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A Living Chattel is a short story by Anton Pavlovich Chekhov. Anton Pavlovich Chekhov, (29 January 1860 - 15 July 1904) was a Russian physician, dramaturge and author who is considered to be among the greatest writers of short stories in history. His career as a dramatist produced four classics and his best short stories are held in high esteem by writers and critics. Chekhov practised as a medical doctor throughout most of his literary career: "Medicine is my lawful wife", he once said, "and literature is my mistress." Chekhov renounced the theatre after the disastrous reception of The Seagull in 1896, but the play was revived to acclaim in 1898 by Constantin Stanislavski's Moscow Art Theatre, which subsequently also produced Chekhov's Uncle Vanya and premiered his last two plays, Three Sisters and The Cherry Orchard. These four works present a challenge to the acting ensemble as well as to audiences, because in place of conventional action Chekhov offers a "theatre of mood" and a "submerged life in the text." Chekhov had at first written stories only for financial gain, but as his artistic ambition grew, he made formal innovations which have influenced the evolution of the modern short story. His originality consists in an early use of the stream-of-consciousness technique, later adopted by James Joyce and other modernists, combined with a disavowal of the moral finality of traditional story structure. He made no apologies for the difficulties this posed to readers, insisting that the role of an artist was to ask questions, not to answer them. Always modest, Chekhov could hardly have imagined the extent of his posthumous reputation. The ovations for the play, The Cherry Orchard, in the year of his death showed him how high he had risen in the affection of the Russian public-by then he was second in literary celebrity only to Tolstoy, who outlived him by six years-but after his death, Chekhov's fame soon spread further afield. Constance Garnett's translations won him an English-language readership and the admiration of writers such as James Joyce, Virginia Woolf, and Katherine Mansfield. The issues surrounding the close similarities between Mansfield's 1910 story "The Child Who Was Tired" and Chekhov's "Sleepy" are summarised in William H. New's Reading Mansfield and Metaphors of Reform The Russian critic D.S. Mirsky, who lived in England, explained Chekhov's popularity in that country by his "unusually complete rejection of what we may call the heroic values." In Russia itself, Chekhov's drama fell out of fashion after the revolution but was later adapted to the Soviet agenda, with the character Lopakhin, for example, reinvented as a hero of the new order, taking an axe to the cherry orchard. One of the first non-Russians to praise Chekhov's plays was George Bernard Shaw, who subtitled his Heartbreak House "A Fantasia in the Russian Manner on English Themes" and noted similarities between the predicament of the British landed class and that of their Russian counterparts as depicted by Chekhov: "the same nice people, the same utter futility."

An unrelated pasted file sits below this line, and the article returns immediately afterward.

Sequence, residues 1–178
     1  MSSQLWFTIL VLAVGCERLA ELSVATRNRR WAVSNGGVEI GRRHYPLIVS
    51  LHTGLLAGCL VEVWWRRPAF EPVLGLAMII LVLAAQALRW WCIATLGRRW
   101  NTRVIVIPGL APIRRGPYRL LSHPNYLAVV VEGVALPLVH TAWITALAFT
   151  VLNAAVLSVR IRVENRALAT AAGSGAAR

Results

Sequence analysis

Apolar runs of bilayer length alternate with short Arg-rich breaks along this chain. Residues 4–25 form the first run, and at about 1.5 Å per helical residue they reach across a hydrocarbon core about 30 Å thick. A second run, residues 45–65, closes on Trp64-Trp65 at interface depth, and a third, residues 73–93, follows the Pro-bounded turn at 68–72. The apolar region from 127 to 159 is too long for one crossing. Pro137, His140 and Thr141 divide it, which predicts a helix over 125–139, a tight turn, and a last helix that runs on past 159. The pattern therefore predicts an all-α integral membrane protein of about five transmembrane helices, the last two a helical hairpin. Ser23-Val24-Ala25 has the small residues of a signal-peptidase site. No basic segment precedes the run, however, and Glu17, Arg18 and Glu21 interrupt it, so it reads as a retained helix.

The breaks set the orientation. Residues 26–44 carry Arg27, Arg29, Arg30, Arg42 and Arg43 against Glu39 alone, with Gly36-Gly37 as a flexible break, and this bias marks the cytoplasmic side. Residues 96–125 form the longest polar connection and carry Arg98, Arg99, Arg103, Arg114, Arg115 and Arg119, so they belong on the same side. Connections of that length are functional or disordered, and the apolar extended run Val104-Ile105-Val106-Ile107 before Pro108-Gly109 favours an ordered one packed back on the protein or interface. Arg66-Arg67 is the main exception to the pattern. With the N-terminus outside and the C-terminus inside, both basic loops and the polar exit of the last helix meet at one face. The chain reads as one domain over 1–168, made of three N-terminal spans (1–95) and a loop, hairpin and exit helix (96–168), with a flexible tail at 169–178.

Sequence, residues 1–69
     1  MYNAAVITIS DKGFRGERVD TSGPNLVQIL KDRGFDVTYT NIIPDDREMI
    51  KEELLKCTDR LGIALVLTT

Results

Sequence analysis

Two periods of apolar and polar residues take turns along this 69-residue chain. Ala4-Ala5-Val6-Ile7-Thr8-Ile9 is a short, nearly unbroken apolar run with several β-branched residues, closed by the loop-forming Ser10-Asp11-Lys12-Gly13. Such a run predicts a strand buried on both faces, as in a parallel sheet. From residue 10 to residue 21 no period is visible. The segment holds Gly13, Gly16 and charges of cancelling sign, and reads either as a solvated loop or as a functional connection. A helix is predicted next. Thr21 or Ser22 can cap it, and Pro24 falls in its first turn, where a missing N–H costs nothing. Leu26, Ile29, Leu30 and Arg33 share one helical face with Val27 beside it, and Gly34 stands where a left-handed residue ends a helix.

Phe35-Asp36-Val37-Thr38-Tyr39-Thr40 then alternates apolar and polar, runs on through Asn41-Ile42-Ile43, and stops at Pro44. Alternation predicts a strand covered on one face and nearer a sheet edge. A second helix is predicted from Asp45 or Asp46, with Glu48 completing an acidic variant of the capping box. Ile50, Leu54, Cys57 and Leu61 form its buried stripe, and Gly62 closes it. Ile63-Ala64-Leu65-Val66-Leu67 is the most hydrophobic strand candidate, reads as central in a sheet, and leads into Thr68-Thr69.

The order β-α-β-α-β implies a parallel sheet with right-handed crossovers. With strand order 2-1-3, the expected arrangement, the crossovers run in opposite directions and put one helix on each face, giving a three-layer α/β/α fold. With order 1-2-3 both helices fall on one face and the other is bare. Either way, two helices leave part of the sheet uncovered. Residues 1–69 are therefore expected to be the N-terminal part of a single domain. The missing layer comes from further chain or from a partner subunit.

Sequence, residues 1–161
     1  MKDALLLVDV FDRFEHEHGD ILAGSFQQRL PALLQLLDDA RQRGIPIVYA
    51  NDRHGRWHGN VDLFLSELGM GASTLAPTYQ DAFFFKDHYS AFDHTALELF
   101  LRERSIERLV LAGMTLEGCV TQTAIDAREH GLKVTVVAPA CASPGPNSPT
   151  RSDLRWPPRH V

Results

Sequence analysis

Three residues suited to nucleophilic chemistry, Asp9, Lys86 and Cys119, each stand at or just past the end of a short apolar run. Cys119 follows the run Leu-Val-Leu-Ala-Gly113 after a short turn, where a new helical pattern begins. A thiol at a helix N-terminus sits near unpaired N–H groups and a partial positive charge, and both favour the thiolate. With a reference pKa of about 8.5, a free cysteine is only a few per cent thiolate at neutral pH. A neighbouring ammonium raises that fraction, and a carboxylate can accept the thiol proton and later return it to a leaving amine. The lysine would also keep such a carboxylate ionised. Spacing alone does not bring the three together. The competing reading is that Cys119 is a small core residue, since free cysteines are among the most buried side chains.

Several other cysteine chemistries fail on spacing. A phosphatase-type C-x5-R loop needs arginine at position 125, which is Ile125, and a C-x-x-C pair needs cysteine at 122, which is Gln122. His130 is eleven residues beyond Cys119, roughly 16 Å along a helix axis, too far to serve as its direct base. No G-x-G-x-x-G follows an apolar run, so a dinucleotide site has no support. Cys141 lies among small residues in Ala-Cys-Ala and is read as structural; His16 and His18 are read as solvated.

Kate Huntington's new husband has built up a thriving private investigating agency and they now have their first celebrity client, a pop singer whose anonymous stalker has a twisted concept of love.
Before Skip Canfield realizes just how twisted, he involves first his psychotherapist wife and then their lawyer friend, Rob Franklin, in the case. Soon they are being hounded by paparazzi and someone is planting evidence to convince Skip that Kate and Rob are lovers. Struggling to deal with this onslaught of unwanted attention and a stalker who will stop at nothing to remove the obstacles in his path, Kate and Skip must face the reality that you can't always keep those you love from harm.
Laughter, it makes the day so much better! After about 5 years of listening to the funny conversations and comments of the children, I decided that the things these kids were saying that caused me to chuckle or even laugh out loud, needed to be recorded and shared. So, I began scribbling down bits and pieces on scrap paper and after 15 years, I've finally brought it all together in this book that I hope will brighten the day of someone who is struggling to smile.
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